Friday, March 19, 2010

to the praise of motherhood

Also worth quoting from The Mother Dance, is Lerner's astute statement that "When nurturing children is truly valued, mothers who work at home will be economically protected and men will want to join us as equal partners in parenting." This in response to comments along the lines of "How wonderful that you're going to stay home to be a mom. I always knew you would be a good mother!" or "[she] may be leaving us to do the most important job of all. She's going to be a mother!"

"The more motherhood is surrounded by flowery praise, the less it is truly valued," retorts Lerner (59).

Thursday, March 18, 2010

the mother dance

Quoted from The Mother Dance: How Children Change Your Life (1998) by Harriet Lerner, the internationally acclaimed expert on the psychology of women and family relationships:

"A friend and I are discussing a magazine survey concluding that couples without children lead happier lives. 'Why report the obvious?' my friend quips. 'Of course couples without children are happier. There is layer upon layer of their emotional lives they will never tap into. Ignorance is bliss.'

I have a somewhat different response. 'No one can measure happiness,' I say. 'And furthermore, the focus on "happiness" somehow misses the point."

"Children are a definite gamble, as far as happiness goes, although they will bring you moments of indescribably joy."

Monday, March 15, 2010

mask of motherhood

Before you enter the sorority of mothers, you may be told that it completely changes your life (but of course you wouldn't want it any other way); that it comes with the greatest love of all (and who doesn't want to experience that); that children make you see the world with new eyes again (this point in particular appealed to me). Some may tell you it's really hard (shrouding the statement with an uninterpretable open endedness that leaves you dangling in the air).

I remember at times seeing exasperated looks in the eyes of friends with children (especially those with kids who'd reached toddlerhood), but I can't remember anyone looking me in the eyes the way Susan Maushart's older sister did when Susan asked her, in a playful sort of way, "Well, tell me about motherhood. What's it really like, anyway?" a few weeks after the birth of her sister's first child, thinking her sister spent an inordinate amount of time trying to concentrate on nursing her baby. "I was taken aback by the intensity of her response," writes Maushart in The Mask of Motherhood; "She looked away from the baby (and that in itself was a rare occurrence), and stared straight into my eyes. 'I'm going to tell you this now, and I want you to remember it,' she began. 'Everyone lies. Do you hear me? Everyone lies about what it's like to have a baby. Don't listen to them. Just watch me, and remember.'" (11)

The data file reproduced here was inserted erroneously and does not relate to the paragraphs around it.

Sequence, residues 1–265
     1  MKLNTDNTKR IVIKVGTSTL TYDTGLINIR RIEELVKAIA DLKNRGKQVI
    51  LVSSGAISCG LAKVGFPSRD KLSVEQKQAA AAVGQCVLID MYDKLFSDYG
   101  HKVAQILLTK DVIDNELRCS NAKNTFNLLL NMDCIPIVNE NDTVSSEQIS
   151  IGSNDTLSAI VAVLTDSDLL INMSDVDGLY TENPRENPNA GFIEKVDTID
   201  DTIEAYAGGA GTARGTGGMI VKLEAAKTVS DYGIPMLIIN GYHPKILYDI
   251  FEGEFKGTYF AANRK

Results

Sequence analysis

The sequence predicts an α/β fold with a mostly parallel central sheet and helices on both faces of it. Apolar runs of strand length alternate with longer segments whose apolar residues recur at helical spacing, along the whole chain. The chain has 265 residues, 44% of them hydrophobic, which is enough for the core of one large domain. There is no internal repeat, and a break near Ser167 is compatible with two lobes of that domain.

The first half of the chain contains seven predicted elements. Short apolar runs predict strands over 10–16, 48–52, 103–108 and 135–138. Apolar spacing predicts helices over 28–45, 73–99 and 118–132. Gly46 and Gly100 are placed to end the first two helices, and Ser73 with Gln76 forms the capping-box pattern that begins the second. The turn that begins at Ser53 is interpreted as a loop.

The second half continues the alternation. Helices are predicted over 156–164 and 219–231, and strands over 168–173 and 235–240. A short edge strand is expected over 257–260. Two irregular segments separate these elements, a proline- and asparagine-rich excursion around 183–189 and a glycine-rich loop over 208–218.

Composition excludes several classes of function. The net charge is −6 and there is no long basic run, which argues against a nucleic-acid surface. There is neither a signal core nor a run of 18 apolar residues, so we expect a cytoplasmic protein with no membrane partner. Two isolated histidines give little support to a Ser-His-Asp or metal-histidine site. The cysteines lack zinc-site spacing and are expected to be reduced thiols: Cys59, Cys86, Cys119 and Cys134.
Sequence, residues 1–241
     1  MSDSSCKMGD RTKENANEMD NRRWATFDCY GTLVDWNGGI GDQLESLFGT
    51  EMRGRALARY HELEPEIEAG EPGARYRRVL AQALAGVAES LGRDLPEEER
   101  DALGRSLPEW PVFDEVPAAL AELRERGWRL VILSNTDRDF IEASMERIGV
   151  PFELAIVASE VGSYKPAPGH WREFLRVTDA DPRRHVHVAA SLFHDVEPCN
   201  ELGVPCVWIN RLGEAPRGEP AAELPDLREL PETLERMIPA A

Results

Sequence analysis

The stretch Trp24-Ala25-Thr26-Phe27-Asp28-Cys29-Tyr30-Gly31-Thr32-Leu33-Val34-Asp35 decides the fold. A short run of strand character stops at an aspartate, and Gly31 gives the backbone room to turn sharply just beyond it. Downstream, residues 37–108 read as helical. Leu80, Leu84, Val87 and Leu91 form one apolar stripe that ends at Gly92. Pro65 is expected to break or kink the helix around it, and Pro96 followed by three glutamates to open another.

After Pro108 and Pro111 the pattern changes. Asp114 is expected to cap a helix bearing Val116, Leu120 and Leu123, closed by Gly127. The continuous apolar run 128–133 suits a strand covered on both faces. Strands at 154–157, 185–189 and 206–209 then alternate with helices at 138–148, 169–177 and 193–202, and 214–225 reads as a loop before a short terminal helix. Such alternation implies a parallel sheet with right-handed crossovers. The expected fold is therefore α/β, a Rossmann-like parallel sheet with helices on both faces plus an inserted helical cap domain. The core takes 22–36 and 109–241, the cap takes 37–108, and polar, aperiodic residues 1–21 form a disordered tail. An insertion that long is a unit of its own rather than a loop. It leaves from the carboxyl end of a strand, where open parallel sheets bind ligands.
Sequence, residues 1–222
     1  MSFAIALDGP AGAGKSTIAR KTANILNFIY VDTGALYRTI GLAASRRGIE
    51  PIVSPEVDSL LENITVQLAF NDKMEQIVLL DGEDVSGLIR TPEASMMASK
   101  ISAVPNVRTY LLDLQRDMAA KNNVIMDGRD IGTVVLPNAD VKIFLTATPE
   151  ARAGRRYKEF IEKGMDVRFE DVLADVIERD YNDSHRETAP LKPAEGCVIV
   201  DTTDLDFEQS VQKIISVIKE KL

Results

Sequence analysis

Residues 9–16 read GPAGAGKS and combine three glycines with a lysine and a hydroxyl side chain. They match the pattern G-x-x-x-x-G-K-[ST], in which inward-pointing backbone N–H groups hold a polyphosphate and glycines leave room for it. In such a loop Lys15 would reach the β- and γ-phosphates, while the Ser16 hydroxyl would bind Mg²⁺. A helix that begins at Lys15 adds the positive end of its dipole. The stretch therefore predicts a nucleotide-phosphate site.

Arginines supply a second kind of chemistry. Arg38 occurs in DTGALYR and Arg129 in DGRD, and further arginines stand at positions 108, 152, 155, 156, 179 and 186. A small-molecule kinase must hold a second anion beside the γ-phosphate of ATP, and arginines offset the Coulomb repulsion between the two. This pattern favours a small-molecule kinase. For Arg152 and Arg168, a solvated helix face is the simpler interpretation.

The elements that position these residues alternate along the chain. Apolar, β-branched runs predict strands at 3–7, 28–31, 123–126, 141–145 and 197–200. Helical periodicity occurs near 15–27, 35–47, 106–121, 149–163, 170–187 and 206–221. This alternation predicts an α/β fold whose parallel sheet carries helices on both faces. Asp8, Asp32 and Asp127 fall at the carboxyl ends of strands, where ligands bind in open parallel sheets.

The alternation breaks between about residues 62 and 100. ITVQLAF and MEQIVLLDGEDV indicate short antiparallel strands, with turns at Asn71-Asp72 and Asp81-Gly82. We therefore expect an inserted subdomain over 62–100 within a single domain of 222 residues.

Sunday, March 14, 2010

seeking home

Another thing I fret about is settling and where we as a family should do that. When I quit my job last year to focus on my own writing and family, the Dean responded to my letter of resignation with a stunned "Wow!" One simply does not leave a tenured and promoted position at a college just like that.

Well, guess what, I did. It's not like it's solved all of our problems or even many, aside from eliminating that one component in my life that was really stressing me out. Which was a rather substantial one at that, regularly amounting to about seventy hours a week, of teaching, grading, prepping, developing new courses, committee work, advising, endless meetings, and so on and so on, leaving barely any time for my own scholarship. Though this was supposed to be one of the three main components of my position. If I couldn't find time to write, how on earth would I find time to take care of a child?

Of course, it's not like being home with a child has opened up a vast space for my writing. Like my juggling academic friends with kids, I too find myself much like a clown at times, desperately trying to keep the different balls flowing, including words down on the paper or onto my laptop whenever I find the chance.

Friday, March 12, 2010

the sleep question

Dear fellow parent,

Since becoming a first-time mama, I have found myself consumed with the question of sleep: how to help my baby sleep, how to help her stay asleep, how to find sleep myself, the struggle to sleep, the lack of sleep. In conversations with other parents, sleep seems to be an endless topic.

Now I'm initiating a book titled The Sleep Question in which I will share my own story, as well as those of other parents. I'm approaching you with this because I would love to hear your story, thoughts and experiences around the sleep situation in your home.

As I prepared for giving birth, I found individual birth stories the most powerful and enlightening--unfolding an infinite universe of unique experiences--and not the many manuals on what to expect. The same goes for my child's sleep, and mine: it's not the how-to books (that fail to address the many unique experiences and crucial differences among children and their parents) that encourage and provide the most helpful suggestions, but rather it's the stories of other mamas and papas. As far as I know, no book exists that includes these stories. With your help, this book can fill this gap.

Feel free to comment or e-mail, anonymously or with your name. Or if you live nearby, we can set up a time to talk.
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